Chess

How does White win?

THE annual Melody Amber tournament, now on the French Riviera in Nice, is both gimmicky and irresistible. Take a dozen of the world's top grandmasters, and you put them in a unique playing format with no rating points at stake.

The result is a fair helping of horrific blunders but also some of the most engaging and eccentric chess played on the top circuit from players who are usually more reserved and very protective of their rating, and who don't go in for speculative sacrificial chess.

Yesterday's game from Vassily Ivanchuk, with the stunning queen sacrifice was an exception, as the Ukrainian is capable of playing this way at any given time and against any opponent. But not so Peter "Interesting" Leko, who went wild by ripping into world champion Vishy Anand with the no-holds barred Perenyi Attack.

Hungarian Bela Perenyi's claim to fame is introducing to praxis one of the sharpest lines known to opening theory. Unfortunately he died tragically young of a car accident in 1988 without ever seeing his line tested at elite levels – but his name lives on with his intriguing knight sacrifice that takes the game into another dimension.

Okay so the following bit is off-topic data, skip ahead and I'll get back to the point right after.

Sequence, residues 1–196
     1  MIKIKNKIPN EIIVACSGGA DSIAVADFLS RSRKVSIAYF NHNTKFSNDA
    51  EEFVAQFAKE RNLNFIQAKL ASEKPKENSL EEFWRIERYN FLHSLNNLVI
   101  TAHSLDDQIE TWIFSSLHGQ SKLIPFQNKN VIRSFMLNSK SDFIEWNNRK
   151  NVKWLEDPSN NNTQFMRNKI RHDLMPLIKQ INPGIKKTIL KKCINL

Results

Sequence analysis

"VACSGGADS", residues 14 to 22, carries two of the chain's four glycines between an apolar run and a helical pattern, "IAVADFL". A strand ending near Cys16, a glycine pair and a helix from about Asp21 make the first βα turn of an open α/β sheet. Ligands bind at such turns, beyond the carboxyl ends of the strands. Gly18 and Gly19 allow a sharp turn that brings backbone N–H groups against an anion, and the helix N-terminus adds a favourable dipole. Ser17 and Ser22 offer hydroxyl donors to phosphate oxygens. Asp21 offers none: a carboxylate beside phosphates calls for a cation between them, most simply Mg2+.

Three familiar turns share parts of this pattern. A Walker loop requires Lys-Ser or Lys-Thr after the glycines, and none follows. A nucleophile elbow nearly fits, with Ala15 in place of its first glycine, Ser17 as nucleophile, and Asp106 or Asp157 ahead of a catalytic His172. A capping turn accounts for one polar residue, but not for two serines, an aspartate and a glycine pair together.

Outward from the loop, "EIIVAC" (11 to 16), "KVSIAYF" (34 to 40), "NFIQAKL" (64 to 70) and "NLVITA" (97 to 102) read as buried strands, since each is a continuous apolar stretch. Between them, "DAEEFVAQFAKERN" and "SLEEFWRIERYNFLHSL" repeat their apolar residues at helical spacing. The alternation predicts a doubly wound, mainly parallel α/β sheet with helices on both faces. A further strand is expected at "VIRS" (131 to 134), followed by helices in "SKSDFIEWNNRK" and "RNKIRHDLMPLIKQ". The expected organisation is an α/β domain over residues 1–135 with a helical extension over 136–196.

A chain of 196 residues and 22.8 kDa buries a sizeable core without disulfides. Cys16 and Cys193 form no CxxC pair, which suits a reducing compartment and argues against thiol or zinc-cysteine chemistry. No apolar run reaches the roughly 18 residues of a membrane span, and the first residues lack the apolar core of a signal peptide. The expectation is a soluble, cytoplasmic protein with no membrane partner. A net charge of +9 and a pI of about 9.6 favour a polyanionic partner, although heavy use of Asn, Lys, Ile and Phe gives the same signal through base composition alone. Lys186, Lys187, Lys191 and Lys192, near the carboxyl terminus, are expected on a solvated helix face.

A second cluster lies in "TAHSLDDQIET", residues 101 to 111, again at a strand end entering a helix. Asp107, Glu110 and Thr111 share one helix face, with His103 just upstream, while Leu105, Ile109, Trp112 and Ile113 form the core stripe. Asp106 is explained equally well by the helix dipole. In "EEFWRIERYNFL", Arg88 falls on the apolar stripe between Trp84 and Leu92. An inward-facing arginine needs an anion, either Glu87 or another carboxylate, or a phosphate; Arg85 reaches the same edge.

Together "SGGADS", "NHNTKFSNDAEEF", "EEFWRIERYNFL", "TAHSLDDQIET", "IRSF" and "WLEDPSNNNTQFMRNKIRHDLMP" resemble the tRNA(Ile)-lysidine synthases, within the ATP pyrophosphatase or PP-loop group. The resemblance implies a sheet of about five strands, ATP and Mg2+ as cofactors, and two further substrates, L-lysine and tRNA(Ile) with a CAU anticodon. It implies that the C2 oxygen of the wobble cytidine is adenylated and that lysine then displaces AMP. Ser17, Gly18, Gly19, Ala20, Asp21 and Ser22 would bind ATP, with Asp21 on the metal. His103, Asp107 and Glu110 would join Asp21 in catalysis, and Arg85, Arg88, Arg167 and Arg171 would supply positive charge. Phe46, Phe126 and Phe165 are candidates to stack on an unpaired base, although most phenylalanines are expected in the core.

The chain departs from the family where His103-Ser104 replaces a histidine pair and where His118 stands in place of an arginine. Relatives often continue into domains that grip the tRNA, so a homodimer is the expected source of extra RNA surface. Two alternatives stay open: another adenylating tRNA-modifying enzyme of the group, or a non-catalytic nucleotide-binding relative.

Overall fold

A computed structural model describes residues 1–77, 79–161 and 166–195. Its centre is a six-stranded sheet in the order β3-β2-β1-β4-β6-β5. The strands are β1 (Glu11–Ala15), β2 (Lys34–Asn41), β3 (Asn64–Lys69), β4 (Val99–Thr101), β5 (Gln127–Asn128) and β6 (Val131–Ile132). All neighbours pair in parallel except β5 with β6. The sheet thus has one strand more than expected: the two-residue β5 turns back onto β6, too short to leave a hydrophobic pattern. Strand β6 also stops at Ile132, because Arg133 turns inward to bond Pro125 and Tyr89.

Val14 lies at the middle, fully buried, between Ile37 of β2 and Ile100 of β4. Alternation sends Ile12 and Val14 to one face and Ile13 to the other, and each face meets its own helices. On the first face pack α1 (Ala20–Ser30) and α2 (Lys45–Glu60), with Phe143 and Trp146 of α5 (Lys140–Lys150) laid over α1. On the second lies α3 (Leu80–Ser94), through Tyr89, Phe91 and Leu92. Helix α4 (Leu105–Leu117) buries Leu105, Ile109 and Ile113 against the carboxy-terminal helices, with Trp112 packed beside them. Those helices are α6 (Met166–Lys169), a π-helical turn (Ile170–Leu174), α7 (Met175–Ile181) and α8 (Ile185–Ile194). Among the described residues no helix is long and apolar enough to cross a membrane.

And this rare mauling of Anand in the rapids gave up his position at the top after four rounds of the Amber tournament. The defeat, coming on the eve of the first rest day, saw the world champion slip to fourth in the combined standings.

Combined standings: 1-3. Topalov, Aronian and Ivanchuk, 5/8; 4. Anand, 4.5; 5-7. Leko, Carlsen and Kramnik, 4; 8-10. van Wely, Mamedyarov and Karjakin, 3.5; 11-12. Gelfand and Morozevich, 3.

P Leko – V Anand

Amber Rapid, (4)

Sicilian Najdorf, Perenyi Attack

1 e4 c5 2 Nf3 d6 3 d4 cxd4 4 Nxd4 Nf6 5 Nc3 a6 6 Be3 e6 7 g4 e5 8 Nf5 g6 9 g5 gxf5 10 exf5 d5 11 Qf3 d4 12 0-0-0 Nbd7 13 Bc4 Qc7 14 Bxd4 exd4 15 Rhe1+ Kd8 16 Rxd4 Bc5 17 Rdd1 Re8 18 gxf6 Rxe1 19 Rxe1 Nxf6 20 Rd1+ Bd7 21 Bxf7 Qxh2 22 Nd5! Rc8 23 Be6 Bxf2 24 c3 Rc7 25 Nxf6 Qh6+ 26 Kb1 Qxf6 27 Qxf2 Ke8 28 Qg3 1-0